In the wake of another really horrifying social media attack on a few individuals – some I know, some I don’t – I find myself needing to process the way it works. The awfulness of what is done, and just how frighteningly proficient are the organised attackers.
In this particular story, an angry ex-boyfriend has made public a huge screed of personal information about his former girlfriend, along with a long list of accusations. These accusations crossed my path when they included claims that someone I employed had behaved inappropriately. There was no evidence provided for these claims, and indeed no examples of the suggested corruption have ever existed. I assume much else was untrue or twisted too, but it’s absolutely none of my business. What I was in a position to know about, I knew was entirely false.
Yesterday the woman involved had her Twitter and Tumblr hacked, her personal information including phone numbers, family phone numbers, street addresses and PayPal information made public. She has received unending abuse on all channels, including to her personal phone and address. People close to her have received similar abuse. People who have made it clear they are against the abuse have received small fractions of the abuse too. There is, without question, a huge amount of abuse to go around. The thing is, it’s not from a huge number of people – they’re just exceptionally good at making it look as though there are.
On the superb BBC1 quiz show, Pointless, I contend that co-host Alexander Armstrong perhaps a little over-effusively enthuses on the contestants’ competence after their failure. No pair of entrants appearing in the 600 aired episodes has ever fallen short of “great contestants”, no matter how fist-grindingly dreadful they may have been. This is part of what makes Pointless so absolutely lovely, in an age of quizshowing that otherwise focuses on humiliation or treachery. It’s also entirely daft.
Armstrong, who appears an all-round splendid chap, seems peculiarly beholden to a script, from which he appears unwilling to deviate. I do wonder if during his sleep he mumbles that everyone gets two chances to reach the Pointless final, or that for the remaining two pairs things are about to get even more exciting now as they enter the head-to-head. (Of course, the meandering banter between he and the adorable Richard Osman is incessantly delightful, and the primary reason to watch the programme.)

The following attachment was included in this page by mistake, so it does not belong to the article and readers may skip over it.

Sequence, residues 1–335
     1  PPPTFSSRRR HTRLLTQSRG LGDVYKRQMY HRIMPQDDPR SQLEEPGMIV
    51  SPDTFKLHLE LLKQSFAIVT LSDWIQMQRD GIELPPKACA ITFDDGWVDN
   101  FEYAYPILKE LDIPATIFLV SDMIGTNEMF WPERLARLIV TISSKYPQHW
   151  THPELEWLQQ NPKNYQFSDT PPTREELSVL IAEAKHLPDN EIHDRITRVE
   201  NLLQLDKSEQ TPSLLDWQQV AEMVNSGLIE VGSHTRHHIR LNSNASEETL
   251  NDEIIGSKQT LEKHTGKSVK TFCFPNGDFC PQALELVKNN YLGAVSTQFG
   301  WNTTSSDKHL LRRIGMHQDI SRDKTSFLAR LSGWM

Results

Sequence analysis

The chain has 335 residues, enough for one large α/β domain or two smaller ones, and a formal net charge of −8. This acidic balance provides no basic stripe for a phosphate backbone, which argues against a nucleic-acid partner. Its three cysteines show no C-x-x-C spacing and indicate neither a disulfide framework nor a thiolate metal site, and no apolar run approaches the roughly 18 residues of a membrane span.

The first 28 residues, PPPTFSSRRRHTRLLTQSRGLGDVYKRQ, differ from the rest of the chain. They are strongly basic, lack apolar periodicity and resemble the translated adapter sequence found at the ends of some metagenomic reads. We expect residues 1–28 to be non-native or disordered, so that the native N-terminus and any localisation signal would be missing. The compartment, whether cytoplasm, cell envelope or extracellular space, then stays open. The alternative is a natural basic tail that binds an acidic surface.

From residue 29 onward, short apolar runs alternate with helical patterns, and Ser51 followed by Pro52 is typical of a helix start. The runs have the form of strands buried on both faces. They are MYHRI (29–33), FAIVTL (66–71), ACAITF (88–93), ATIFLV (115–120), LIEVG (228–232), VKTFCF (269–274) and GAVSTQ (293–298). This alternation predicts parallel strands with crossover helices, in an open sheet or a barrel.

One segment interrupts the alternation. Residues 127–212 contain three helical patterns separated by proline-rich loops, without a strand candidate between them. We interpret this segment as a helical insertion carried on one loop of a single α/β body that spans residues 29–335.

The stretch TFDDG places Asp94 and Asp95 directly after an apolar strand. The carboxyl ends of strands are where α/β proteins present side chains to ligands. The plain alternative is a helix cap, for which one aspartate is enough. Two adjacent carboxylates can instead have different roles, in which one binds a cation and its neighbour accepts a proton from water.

While I have no desire to see Armstrong berating contestants, and absolutely love that failure is met with warmth and cheer, I do fear that his madcap positivity is causing confusion, so have prepared a guide to what his terms practically mean:
“Great Contestants” = Really astonishingly terrible contestants, who likely scored 200 in the first round, two days running, and uttered phrases like, “The 1870s were before my time,” and, “Words ending in ‘EART’ isn’t a good subject for me.” That they found their way to the studio without accidentally strangling themselves with their own arms is of note.
“Brilliant Contestants” = Pretty poor contestants, unlikely to have displayed any knowledge, who most likely only got through to the second round after some “Great Contestants” inadvertently impaled themselves on the podium.
“Really Brilliant Contestants” = Okay-ish contestants, who knew a right answer that scored under 50. It was probably about football, which was, when they were asked what subjects they’d like to see come up, their only response.
“Properly Brilliant Contestants” = At this point the “properly” introduces the notion that there may be some credibility to their performance. These contestants potentially knew the location of a country on the planet, or the name of a film director. Where some Brilliant Contestants had said, “Well I don’t really follow politics” when asked to name a British Prime Minister, a Properly Brilliant Contestant might remember someone other than the present incumbent.
“Really Properly Brilliant Contestants” = Quite good contestants.
(It should be noted that the reason I would never go on a quiz show like Pointless is how it would immediately reveal me to be in the region of a Brilliant Contestant, as the woeful lack of knowledge I possess would be presented to the viewing world.)
Disillusionment is so often cited as the reason people vote for extremists, the underpinning reason why X or Y is happening in British politics. And it’s mostly gibberish. It’s a nonsense told both by those who wish to vote for extremes, and by those attempting to justify why others might vote for those extremes. The reality is, it’s barely ever the case.
I feel like we’re in a pretty scary place. When it comes to politics, there’s obviously a tendency for hyperbole, exaggerating one’s claims to suit one’s political agenda. But for someone with left-wing beliefs, their understanding of how to treat others best represented by socialism, the United Kingdom is currently a frightening political landscape.
People are voting UKIP/BNP/English Democracts, etc, etc, we’re told, because they’re disillusioned with the main parties and want to see things shaken up. This is plain, absolute rubbish. It doesn’t make sense in any way, and the media’s frequent declaration that this is the case is both intellectual snobbery, and woeful naivety.